Soundminer Android Malware
Researchers have developed a low-profile Trojan horse program for Google’s Android mobile OS that steals data in a way that is unlikely to be detected by either a user or antivirus software
Researchers have developed a low-profile Trojan horse program for Google’s Android mobile OS that steals data in a way that is unlikely to be detected by either a user or antivirus software.
The malware, called Soundminer, monitors phone calls and records when a person, for example, says their credit card number or enters one on the phone’s keypad, according to the study.
Using various analysis techniques, Soundminer trims the extraneous recorded information down to the most essential, such as the credit card number itself, and sends just that small bit of information back to the attacker over the network, the researchers said.
The study was done by Roman Schlegel of City University of Hong Kong and Kehuan Zhang, Xiaoyong Zhou, Mehool Intwala, Apu Kapadia, XiaoFeng Wang of Indiana University in Bloomington, Indiana.
“We implemented Soundminer on an Android phone and evaluated our technique using realistic phone conversation data,” they wrote. “Our study shows that an individual’s credit card number can be reliably identified and stealthily disclosed. Therefore, the threat of such an attack is real.”
Soundminer is designed to ask for as few permissions as possible to avoid suspicion. For example, Soundminer may be allowed access to the phone’s microphone, but further access to transmit data, intercept outgoing phone calls and access contact lists might look suspicious.
So in another version of the attack, the researchers paired Soundminer with a separate Trojan, called Deliverer, which is responsible for sending the information collected by Soundminer.
Since Android could prevent that communication between applications, the researchers investigated a stealthy way for Soundminer to communicate with Deliverer. They found what they term are several “covert channels,” where changes in a feature are communicated with other interested applications, such as vibration settings.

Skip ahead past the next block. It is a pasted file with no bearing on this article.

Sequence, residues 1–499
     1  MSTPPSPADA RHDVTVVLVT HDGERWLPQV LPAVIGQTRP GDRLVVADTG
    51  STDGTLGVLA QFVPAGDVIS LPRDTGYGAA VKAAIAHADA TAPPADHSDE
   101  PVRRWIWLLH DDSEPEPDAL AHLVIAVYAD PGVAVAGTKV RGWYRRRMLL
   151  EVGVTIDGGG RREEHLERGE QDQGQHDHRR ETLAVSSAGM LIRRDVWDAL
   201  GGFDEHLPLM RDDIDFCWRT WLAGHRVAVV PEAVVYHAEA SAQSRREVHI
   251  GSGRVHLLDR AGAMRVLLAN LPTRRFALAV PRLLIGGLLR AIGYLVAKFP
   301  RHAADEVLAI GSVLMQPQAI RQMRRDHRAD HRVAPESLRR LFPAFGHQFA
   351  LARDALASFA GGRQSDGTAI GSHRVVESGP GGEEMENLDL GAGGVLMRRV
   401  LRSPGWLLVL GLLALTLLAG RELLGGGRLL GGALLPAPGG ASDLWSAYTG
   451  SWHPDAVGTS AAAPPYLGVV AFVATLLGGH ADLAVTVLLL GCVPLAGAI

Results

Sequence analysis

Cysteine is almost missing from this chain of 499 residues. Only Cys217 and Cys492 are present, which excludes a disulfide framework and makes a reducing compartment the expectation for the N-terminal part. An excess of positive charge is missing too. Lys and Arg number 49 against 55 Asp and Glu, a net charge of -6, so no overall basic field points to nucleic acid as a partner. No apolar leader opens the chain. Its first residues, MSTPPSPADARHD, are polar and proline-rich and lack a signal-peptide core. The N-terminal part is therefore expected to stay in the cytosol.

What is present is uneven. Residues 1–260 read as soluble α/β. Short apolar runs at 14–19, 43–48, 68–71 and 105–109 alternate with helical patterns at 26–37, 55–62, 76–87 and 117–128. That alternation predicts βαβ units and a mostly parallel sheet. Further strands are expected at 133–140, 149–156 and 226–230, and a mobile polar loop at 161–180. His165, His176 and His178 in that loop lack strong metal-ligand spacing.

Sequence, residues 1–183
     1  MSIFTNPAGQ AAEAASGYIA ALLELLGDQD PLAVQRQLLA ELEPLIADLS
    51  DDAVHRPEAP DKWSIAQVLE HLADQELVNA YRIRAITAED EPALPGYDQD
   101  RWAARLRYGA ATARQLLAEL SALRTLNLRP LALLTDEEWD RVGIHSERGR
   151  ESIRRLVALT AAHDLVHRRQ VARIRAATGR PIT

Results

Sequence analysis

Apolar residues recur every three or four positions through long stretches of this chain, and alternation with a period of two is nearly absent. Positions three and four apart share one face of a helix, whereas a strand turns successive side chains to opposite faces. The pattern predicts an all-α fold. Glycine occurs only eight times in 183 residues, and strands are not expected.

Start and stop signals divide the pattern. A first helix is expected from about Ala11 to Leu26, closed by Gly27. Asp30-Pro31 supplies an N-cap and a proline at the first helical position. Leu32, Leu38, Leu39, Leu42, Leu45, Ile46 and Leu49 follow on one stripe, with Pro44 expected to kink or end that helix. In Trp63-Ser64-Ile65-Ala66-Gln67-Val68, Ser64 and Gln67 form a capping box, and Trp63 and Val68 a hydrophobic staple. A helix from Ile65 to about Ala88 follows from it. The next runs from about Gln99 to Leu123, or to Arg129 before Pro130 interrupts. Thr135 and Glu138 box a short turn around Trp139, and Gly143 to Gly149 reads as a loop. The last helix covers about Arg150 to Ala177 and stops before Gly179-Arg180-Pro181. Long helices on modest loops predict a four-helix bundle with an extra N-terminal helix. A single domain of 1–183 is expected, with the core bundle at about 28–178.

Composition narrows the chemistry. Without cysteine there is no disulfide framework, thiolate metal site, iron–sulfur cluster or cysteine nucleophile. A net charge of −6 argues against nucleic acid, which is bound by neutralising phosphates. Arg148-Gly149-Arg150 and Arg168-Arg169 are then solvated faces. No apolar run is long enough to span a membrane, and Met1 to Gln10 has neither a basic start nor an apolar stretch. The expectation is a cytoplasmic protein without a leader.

Soundminer could code its sensitive data in a form that looks like a vibration setting but is actually the sensitive data, where Deliverer could decode it and then send it to a remote server. That covert vibration settings channel only has 87 bits of bandwidth, but that is enough to send a credit card number, which is just 54 bits, they wrote.
Soundminer was coded to do the voice and number recognition on the phone itself, which avoids the need to send large chunks of data through the network for analysis, which might again trigger an alert from security software.
If it is installed on a device, users are likely to approve of the settings that Soundminer is allowed to use, such as the phone’s microphone. Since Soundminer doesn’t directly need network access due to its use of a covert side channel to send its information, it is unlikely to raise suspicion.
Two antivirus programs for Android, VirusGuard from SMobile Systems and Droid Security’s AntiVirus, both failed to identify Soundminer as malware even when it was recording and uploading data, according to the researchers.
In an e-mail statement, Google officials in London did not directly address Soundminer but said that Android is designed to minimize the impact of “poorly programmed or malicious applications if they appear on a device.”
“If users believe an application is harmful or inappropriate, they can flag it, give it a low rating, leave a detailed comment, and of course, remove it from their device,” Google said. “Applications deemed to be in violation of our policies are removed from Market, and abusive developers can also be blocked from using the Android Market for repeated or egregious violations of our policies.”